I have pulled a whole bunch of links about Facebook together on my Delicious social bookmarking site at del.icio.us/cdorobek/Facebook
. One story, from BusinessWeek, is about Facebook faux pas
Harvard Business School professor Andrew McAfee also has an excellent post
on getting Facebook ready for the enterprise. (FYI... McAfee, who FCW profiled last year
and who essentially invented the term Enterprise 2.0, is going to be one of the keynote speakers at 1105 Government Information Group's Government Leadership Summit
You can friend me on Facebook here
* This story makes me :-)
So this is one of my favorite stories of the day... from the SJMN, apparently kids in school are occasionally using what I call "text talk"
OMG. Hieroglyphic text-speak is slipping into homework.
A national look at middle- and high-schoolers found that two-thirds of students have accidentally used instant-messaging style in their academic work, according to a survey released Thursday by the Pew Internet & American Life Project.
A quarter admitted they have used smiley faces and other emoticons in their papers. Half confessed to informal punctuation and grammar, and four in 10 take typing shortcuts such as "LOL" to express "laughing out loud."
Can NE1 say "Big fat F"?
"Now the teachable moment for parents and teachers is to talk about what makes informal writing and what makes formal writing - and what's appropriate in each of those spheres," said Amanda Lenhart, senior research specialist at the Pew project.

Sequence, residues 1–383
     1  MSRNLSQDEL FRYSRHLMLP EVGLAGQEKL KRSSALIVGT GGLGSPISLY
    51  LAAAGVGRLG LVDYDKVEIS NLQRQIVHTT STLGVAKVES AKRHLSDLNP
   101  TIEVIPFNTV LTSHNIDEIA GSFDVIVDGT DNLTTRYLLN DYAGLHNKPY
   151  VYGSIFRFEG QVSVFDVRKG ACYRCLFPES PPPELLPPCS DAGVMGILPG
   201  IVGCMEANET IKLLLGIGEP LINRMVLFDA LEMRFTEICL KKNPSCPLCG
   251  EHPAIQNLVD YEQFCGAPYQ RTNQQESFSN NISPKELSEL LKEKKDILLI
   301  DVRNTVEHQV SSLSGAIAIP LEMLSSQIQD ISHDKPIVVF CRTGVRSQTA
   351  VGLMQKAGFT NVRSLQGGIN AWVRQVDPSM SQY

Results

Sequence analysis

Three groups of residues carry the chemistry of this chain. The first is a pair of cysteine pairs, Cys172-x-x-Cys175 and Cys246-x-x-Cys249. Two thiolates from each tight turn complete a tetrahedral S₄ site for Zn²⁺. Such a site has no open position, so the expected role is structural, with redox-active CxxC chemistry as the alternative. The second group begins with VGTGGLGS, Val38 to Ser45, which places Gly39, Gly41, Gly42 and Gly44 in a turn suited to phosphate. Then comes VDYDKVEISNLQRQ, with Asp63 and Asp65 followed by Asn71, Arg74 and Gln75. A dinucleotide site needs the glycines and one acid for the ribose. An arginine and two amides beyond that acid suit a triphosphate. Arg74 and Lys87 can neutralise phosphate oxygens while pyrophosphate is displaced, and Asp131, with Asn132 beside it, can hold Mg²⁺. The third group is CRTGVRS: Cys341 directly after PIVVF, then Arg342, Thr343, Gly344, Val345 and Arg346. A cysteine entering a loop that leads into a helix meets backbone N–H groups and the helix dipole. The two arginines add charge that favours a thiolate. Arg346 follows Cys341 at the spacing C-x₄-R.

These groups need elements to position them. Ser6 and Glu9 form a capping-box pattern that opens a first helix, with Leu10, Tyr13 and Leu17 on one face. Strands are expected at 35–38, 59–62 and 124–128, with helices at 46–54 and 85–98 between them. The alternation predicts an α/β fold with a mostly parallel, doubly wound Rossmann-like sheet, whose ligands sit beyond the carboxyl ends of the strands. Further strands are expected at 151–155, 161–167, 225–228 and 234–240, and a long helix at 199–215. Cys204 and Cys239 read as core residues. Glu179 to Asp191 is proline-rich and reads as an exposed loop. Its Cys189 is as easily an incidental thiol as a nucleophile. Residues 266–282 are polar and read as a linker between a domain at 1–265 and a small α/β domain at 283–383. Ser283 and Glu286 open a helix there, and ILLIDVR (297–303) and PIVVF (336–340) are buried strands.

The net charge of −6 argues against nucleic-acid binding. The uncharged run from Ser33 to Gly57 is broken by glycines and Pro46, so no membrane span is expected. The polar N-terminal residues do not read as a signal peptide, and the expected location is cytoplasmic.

Lenhart said she "isn't worried" about this generation. "This is what I would term a new slang," she said. "We've always had slang. This is different only in that the language comes out of text instead of spoken language, which is how most of our slang has emerged in the past."
The findings don't surprise local students and teachers, who say that instant messaging has become the primary form of communication for a generation weaned on BlackBerry and Motorola Razr phones. They often don't realize what comes out when they let their fingers do the talking.
"I'll forget I'm writing a formal paper. I'll replace 'for' with the number 4," said Vivek Musinipally, a senior at San Jose's Leland High School who is bound for the University of California-Berkeley. "It'll just come out by itself without me thinking about it. But when I proofread, I laugh when I see it."
You can read the Pew Internet & American Life Project report for yourself here.
Posted by Christopher J. Dorobek on Apr 25, 2008 at 12:17 PM